Extending the reach of primary health care systems to provide malaria services to those in the most hard-to-reach places has become part and parcel to the global malaria response, and according to experts, is paving the way for the expansion of other essential health services – and moving the world closer towards realising universal health […] Continue reading ->
Secure and reliable supply chains for life-saving medicines are essential features of the global health landscape. They ensure that quality approved drugs are manufactured and available in the quantities needed, without interruption. For the fight against malaria, securing supply chains for quality, life-saving antimalarials involves the collective effort of a range of organisations working to mitigate the risk of any shortage of these drugs. A recent success in this area has been the quality approval of a second supplier of injectable artesunate, the drug recommended by the World Health Organization to treat severe malaria. Continue reading ->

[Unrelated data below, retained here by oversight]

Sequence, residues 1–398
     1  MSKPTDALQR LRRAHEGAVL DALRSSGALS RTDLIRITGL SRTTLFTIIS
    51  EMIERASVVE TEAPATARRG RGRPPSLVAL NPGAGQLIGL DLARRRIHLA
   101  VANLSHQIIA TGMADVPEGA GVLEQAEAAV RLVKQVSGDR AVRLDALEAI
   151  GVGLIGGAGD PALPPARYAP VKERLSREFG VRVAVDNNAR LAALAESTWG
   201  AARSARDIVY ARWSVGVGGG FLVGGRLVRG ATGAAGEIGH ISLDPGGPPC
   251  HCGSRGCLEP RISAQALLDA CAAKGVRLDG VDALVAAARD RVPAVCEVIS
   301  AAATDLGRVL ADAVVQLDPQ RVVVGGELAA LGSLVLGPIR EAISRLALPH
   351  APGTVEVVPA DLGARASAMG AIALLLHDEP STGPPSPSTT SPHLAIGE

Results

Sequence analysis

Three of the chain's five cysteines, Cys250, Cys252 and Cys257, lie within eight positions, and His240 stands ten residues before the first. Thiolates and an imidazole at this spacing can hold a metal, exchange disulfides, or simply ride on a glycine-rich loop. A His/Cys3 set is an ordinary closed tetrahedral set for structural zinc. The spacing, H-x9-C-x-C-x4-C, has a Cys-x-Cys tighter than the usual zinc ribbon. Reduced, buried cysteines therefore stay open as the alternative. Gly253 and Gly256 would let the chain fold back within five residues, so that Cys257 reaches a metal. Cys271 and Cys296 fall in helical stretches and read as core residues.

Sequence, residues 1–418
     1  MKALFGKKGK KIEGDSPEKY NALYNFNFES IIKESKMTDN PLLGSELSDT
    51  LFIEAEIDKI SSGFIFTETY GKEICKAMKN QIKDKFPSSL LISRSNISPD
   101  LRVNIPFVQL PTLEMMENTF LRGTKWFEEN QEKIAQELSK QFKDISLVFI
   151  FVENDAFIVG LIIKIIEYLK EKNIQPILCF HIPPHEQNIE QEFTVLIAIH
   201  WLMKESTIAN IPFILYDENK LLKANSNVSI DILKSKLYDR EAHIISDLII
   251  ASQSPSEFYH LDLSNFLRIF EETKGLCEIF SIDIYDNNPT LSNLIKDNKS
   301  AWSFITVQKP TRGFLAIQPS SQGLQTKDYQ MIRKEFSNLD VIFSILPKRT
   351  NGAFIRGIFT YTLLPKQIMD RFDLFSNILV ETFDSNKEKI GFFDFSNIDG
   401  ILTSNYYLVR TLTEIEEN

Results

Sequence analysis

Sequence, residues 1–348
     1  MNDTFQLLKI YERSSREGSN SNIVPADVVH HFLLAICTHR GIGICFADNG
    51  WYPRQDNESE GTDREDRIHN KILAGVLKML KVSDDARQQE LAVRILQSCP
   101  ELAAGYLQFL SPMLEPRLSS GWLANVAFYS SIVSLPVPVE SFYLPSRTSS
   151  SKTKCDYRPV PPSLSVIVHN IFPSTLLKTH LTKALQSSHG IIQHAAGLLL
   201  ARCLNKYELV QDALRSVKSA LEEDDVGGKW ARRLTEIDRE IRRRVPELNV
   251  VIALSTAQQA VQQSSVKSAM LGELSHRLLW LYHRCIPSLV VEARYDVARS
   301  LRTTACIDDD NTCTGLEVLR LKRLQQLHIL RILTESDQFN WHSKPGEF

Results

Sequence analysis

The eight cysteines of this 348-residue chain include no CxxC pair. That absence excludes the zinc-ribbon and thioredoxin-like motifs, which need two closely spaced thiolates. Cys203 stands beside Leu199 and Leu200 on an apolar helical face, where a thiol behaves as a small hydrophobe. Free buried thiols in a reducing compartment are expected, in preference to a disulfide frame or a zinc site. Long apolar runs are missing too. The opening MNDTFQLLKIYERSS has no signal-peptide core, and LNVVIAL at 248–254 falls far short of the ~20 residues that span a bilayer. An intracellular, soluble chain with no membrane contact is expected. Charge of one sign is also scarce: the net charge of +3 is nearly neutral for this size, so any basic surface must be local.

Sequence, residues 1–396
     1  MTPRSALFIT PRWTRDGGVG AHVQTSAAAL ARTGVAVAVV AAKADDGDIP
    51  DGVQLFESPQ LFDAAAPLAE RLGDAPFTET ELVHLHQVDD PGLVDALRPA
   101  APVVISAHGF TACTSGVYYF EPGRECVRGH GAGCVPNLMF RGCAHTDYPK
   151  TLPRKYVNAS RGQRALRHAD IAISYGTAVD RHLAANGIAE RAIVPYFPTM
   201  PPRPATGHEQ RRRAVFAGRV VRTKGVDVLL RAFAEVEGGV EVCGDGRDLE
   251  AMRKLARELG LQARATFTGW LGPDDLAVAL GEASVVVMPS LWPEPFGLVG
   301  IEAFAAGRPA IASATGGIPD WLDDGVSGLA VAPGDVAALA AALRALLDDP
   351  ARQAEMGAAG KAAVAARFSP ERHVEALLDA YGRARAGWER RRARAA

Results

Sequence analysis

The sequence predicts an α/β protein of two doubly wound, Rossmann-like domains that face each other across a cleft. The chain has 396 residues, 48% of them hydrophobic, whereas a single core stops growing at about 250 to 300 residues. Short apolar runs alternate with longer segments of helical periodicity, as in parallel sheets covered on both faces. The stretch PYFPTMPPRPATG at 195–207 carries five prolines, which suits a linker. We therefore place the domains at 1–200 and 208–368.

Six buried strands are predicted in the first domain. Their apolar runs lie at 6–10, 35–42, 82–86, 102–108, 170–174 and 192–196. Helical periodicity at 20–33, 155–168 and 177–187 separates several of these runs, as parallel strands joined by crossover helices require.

Tafenoquine, the first new drug to be developed in over 60 years to treat relapsing malaria, has in fact been around since the late 1970s, when researchers with the US Walter Reed Army Institute of Research first took note of its antimalarial properties. But the drug’s potential to cure relapsing malaria caused by the Plasmodium vivax parasite, the less deadly but most widespread malaria species, has only been recently been recognised. Continue reading ->